Every frame in the video you are about to see is a photo taken from astronauts on board the International Space Station. Those photos are free to the public, free to admire, and free for gifted artists like Knate Meyers to string together in a mesmerizing time lapse video. Go full screen, hit HD, turn up your speakers, and behold:
I love how several of the images used in the sequence are long exposures, allowing for the stars and the surface of the Earth below to blur into trails as ISS orbits at over 17,500 miles per hour. At 0:40, you can see one of the docked Soyuz spacecraft firing it’s attitude jets to help the space station maintain its orientation.
ISS’ orbit is inclined 51.64 degrees from the equator, sending it fairly far up north and far down south. This gives astronauts onboard a ringside view of the Aurora Borealis and Aurora Australis, which appear as green shimmering curtains of light.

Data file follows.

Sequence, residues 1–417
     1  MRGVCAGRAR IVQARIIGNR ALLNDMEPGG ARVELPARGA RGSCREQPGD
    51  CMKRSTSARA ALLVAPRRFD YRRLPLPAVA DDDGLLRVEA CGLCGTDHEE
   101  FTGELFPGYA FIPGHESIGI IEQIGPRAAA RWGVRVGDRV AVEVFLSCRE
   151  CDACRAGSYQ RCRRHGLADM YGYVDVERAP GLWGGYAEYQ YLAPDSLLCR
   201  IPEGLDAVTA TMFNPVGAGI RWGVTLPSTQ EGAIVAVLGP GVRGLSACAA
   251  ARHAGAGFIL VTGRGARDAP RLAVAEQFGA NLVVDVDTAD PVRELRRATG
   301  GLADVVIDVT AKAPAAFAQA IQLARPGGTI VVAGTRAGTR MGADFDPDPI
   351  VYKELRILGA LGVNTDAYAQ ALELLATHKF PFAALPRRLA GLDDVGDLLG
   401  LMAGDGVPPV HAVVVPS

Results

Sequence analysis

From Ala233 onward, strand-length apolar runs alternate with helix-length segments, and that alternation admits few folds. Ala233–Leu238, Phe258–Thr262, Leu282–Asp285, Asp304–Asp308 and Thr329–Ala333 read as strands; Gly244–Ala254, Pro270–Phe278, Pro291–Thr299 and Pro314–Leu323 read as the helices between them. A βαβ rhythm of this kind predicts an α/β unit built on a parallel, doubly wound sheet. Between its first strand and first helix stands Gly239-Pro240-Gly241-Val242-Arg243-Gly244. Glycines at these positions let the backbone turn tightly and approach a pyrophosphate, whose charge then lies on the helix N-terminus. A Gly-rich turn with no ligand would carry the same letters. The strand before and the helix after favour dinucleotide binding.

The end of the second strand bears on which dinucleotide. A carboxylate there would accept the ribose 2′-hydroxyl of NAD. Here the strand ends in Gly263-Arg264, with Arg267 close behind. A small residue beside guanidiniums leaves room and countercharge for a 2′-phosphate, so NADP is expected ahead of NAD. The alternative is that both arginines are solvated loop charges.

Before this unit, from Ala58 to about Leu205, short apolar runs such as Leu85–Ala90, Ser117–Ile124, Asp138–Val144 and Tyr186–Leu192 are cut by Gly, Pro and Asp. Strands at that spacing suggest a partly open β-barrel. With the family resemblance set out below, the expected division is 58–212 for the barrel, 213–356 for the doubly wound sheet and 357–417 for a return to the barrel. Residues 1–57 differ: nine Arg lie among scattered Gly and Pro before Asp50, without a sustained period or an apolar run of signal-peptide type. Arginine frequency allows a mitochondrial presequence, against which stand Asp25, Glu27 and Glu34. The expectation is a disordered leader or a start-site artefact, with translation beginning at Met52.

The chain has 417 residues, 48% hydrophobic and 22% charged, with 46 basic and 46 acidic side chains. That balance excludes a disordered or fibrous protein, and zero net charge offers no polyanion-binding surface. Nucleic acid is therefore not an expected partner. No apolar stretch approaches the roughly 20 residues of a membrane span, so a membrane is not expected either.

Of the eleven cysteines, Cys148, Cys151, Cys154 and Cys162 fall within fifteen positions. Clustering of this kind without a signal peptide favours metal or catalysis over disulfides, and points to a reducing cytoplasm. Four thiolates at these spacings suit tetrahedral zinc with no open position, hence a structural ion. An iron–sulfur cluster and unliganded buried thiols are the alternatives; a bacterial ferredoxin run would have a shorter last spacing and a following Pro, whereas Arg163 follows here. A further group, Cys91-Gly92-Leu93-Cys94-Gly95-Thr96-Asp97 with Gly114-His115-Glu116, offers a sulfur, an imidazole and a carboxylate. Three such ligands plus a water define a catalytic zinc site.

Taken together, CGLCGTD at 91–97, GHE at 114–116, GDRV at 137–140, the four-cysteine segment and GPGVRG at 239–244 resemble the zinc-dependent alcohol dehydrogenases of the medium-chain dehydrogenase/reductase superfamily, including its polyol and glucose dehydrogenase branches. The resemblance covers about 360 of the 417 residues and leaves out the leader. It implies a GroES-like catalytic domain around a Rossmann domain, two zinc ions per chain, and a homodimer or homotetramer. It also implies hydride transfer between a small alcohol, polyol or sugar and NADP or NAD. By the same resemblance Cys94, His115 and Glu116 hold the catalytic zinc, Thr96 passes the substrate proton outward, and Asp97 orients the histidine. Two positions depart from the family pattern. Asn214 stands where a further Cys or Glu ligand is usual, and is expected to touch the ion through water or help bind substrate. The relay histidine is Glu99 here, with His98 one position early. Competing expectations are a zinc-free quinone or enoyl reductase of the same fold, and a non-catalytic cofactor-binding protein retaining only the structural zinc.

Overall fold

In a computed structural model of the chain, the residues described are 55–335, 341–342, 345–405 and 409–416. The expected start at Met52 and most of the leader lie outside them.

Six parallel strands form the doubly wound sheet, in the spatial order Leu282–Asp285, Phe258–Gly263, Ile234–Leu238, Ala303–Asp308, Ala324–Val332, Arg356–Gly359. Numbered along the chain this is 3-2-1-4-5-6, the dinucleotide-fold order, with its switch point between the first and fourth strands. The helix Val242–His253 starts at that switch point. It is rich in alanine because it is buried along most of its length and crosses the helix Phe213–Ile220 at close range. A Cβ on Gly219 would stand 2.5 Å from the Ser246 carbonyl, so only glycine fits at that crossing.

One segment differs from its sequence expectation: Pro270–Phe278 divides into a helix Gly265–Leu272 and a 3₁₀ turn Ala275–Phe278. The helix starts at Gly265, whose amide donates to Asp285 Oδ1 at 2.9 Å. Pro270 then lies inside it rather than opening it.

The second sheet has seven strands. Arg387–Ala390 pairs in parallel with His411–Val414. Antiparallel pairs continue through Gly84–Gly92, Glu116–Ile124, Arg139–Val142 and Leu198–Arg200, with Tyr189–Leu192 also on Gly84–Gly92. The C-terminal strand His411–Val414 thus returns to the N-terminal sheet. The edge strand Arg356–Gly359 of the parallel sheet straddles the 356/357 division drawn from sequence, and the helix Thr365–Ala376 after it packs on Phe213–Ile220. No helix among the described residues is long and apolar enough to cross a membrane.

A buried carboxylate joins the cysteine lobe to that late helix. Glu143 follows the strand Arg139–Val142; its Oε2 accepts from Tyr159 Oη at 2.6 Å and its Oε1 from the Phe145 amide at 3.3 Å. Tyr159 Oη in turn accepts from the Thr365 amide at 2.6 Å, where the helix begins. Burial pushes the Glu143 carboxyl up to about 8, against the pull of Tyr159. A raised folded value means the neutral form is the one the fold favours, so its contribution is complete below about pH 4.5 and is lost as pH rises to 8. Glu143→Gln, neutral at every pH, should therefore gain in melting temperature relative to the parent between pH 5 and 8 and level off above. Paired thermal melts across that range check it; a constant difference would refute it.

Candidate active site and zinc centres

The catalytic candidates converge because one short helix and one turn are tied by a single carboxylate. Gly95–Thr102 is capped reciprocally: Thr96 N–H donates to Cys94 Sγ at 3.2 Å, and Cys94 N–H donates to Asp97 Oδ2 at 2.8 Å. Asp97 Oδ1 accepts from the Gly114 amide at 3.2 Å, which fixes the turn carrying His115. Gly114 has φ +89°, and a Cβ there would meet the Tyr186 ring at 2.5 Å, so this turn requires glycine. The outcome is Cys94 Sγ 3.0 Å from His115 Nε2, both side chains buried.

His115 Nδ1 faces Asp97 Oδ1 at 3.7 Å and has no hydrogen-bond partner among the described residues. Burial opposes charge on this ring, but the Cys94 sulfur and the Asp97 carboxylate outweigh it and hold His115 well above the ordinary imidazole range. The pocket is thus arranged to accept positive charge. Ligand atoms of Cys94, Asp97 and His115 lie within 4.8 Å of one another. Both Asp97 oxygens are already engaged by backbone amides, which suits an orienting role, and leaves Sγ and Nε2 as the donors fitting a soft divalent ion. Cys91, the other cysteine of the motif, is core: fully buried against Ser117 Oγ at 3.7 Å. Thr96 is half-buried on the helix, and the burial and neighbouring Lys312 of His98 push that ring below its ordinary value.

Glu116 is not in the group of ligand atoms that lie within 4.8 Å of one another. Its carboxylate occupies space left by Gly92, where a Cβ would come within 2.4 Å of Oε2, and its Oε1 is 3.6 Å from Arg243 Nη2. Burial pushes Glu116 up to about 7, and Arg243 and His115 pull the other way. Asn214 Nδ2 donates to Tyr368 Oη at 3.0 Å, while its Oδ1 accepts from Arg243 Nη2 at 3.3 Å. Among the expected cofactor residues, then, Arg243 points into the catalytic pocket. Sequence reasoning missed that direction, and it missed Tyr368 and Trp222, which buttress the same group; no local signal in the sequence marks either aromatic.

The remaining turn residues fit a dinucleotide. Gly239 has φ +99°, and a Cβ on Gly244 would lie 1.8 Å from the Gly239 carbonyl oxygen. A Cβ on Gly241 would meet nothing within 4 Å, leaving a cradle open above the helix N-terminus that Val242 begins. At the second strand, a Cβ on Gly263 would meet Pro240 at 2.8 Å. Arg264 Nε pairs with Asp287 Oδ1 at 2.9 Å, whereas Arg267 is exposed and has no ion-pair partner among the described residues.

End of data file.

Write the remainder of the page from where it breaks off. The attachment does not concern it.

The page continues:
And the stars! Of course they are the same stars we can see here on Earth (or would be able to see if we lived in the right locations) but there’s no comparison to the view you can get from up there. Wow!
At 17,500 miles per hour, there’s a sunrise every 90 minutes. Even though the video is primarily of images taken at night, it does a wonderful job of capturing the regular cycle of night and day.
Knate has some other time-lapse videos of the night sky, taken from this side of Earth that are really worth checking out as well.